19 September, 2017
Leading measures of U.S. stocks have been setting records. Employment reports are making Americans feel good about the economy.
Yet many farmers in the United States are struggling.
Fertilizer and seed costs are rising at the same time demand and prices for crops are low. And the farmers' economic problems are affecting others.
The Farm Progress Show is one of the largest events for farmers in the world. It is a place where manufacturers and suppliers can demonstrate their new products and equipment. Farmers go to the show to learn how they can do their work more efficiently.
This year, the show was held in Decatur, Illinois.
Farmer Jeff Fisher went there, but all he could do was look.
The Illinois farmer told VOA he does not have enough money to buy the things he would like to have on his farm. Fisher has not been able to buy new equipment since he last made a profit -- five years ago.
"We're losing money where the cost of production of corn is higher than the price of corn on the Chicago Board of Trade and our local price."
The U.S. Department of Agriculture reports median net farm income in 2016 was the lowest since 2009. The department predicts there will be a small increase in earnings this year.
The lack of profit has hurt more than just farmers.
Tamara Nelsen is the Senior Director of Commodities for the Illinois Farm Bureau.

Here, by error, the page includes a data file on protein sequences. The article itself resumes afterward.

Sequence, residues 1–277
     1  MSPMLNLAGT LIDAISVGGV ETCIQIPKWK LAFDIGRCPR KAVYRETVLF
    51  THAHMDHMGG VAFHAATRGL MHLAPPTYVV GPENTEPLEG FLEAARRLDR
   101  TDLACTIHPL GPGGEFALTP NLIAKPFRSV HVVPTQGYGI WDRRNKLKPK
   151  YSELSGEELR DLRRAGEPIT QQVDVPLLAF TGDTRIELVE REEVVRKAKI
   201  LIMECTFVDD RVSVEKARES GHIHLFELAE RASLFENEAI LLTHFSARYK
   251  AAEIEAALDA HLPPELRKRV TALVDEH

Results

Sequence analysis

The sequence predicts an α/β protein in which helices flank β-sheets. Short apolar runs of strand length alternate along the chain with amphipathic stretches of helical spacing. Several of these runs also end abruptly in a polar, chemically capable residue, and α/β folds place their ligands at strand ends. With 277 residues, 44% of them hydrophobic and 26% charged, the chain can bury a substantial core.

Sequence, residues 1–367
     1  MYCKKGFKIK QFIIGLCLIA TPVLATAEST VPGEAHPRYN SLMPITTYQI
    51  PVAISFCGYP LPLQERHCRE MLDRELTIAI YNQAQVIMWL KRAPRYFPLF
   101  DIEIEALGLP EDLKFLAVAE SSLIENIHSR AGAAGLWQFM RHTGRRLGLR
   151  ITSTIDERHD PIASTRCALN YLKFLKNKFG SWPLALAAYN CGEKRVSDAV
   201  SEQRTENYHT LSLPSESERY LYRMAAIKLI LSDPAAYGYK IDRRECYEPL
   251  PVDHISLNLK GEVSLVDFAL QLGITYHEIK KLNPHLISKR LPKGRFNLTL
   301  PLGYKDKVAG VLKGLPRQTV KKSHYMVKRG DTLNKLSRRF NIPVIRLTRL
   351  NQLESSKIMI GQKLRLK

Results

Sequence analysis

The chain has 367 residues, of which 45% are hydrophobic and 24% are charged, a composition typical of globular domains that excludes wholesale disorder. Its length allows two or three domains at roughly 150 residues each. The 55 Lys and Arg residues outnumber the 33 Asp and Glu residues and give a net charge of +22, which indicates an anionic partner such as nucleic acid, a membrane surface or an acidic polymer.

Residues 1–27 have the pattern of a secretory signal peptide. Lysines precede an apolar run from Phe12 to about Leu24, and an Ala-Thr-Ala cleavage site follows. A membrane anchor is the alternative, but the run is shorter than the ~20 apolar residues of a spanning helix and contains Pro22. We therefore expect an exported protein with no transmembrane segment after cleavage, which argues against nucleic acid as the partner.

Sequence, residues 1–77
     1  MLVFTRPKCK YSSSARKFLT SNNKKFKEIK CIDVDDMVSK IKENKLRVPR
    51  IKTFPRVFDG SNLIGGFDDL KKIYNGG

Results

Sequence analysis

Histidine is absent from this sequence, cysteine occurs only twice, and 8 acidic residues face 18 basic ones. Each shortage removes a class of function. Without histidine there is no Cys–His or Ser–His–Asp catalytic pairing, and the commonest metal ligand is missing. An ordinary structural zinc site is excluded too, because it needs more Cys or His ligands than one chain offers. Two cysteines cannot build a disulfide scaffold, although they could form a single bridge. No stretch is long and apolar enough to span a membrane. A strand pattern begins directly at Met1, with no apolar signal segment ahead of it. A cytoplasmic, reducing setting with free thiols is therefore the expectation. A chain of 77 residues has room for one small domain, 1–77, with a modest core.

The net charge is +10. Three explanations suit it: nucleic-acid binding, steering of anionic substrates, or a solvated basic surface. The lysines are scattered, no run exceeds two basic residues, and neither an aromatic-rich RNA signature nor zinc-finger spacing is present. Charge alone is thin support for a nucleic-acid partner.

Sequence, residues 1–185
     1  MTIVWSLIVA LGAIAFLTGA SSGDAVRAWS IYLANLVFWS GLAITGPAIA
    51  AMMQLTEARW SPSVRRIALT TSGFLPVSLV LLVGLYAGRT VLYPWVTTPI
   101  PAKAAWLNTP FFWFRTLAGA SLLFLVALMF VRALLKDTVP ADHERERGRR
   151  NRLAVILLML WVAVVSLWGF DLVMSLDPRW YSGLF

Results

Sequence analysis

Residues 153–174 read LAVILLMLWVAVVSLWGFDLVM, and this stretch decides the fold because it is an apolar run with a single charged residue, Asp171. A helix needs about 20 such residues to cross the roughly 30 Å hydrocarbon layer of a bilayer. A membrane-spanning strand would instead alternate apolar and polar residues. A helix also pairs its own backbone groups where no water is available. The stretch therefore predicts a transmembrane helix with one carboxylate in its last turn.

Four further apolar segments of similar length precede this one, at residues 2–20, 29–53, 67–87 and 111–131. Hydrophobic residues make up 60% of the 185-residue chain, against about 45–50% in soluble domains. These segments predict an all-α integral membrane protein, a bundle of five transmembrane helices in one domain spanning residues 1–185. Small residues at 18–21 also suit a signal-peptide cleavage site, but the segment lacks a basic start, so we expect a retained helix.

"The Equipment Manufacturers Association released some pretty dismal numbers for farm equipment sales, and what that means to Caterpillar and Deere, that's troublesome."
The Association of Equipment Manufacturers reported a 14 percent decrease in farm equipment exports for the first nine months of 2016. Sales dropped 44 percent from 2015 levels in Asia and 28 percent in South America.
Tamara Nelsen says a drop in equipment sales affects manufacturers that depend on farmers buying new equipment.
"If a farmer cannot afford to buy this, then those 25 workers that work to make it and the steelworkers who produce the steel, and all of the people involved in the parts, they are not going to have jobs either -- and so farmers need to have good markets just like manufacturers need to have good markets."
Mark Bremer is a farmer from southern Illinois.
Bremer grows corn and soybeans on his farm and raises livestock. Like Fisher, he is using old equipment.
"We would love to update, we'd love to purchase new technology and stuff, but that technology comes with a price -- they didn't develop [it] for free."
Bremer is not sure when he will have enough money to buy new equipment. And he is worried about the effect this year of a lack of rainfall will have on his crops.
"We're not guaranteed the rain, we're not guaranteed the price and we're not guaranteed the yield either so it's a continual challenge of making it."
There is also no guarantee that next year will be better. But farmer Jeff Fisher still has hope.
"We're in the bottom of that roller coaster, it feels like, ride right now -- I hope it doesn't get worse."
In a few weeks, he will begin harvesting his crops.
I'm Caty Weaver.
VOA's Kane Farabaugh reported this story from Decatur, Illinois. Christopher Jones-Cruise adapted his report for Learning English. George Grow was the editor.
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Words in This Story
profit margin – n. the difference between the cost of something and the price at which it is sold
Chicago Board of Trade – n. an exchange or marketplace where agreements on agricultural products are bought and sold
median net – adj. of or related to the middle value
dismal – adj. very bad or poor
livestock – n. cattle or other farm animals
stuff – n. materials, supplies or equipment
yield – n. something produced; a product
roller coaster – adj. of or related to something with numerous ups and downs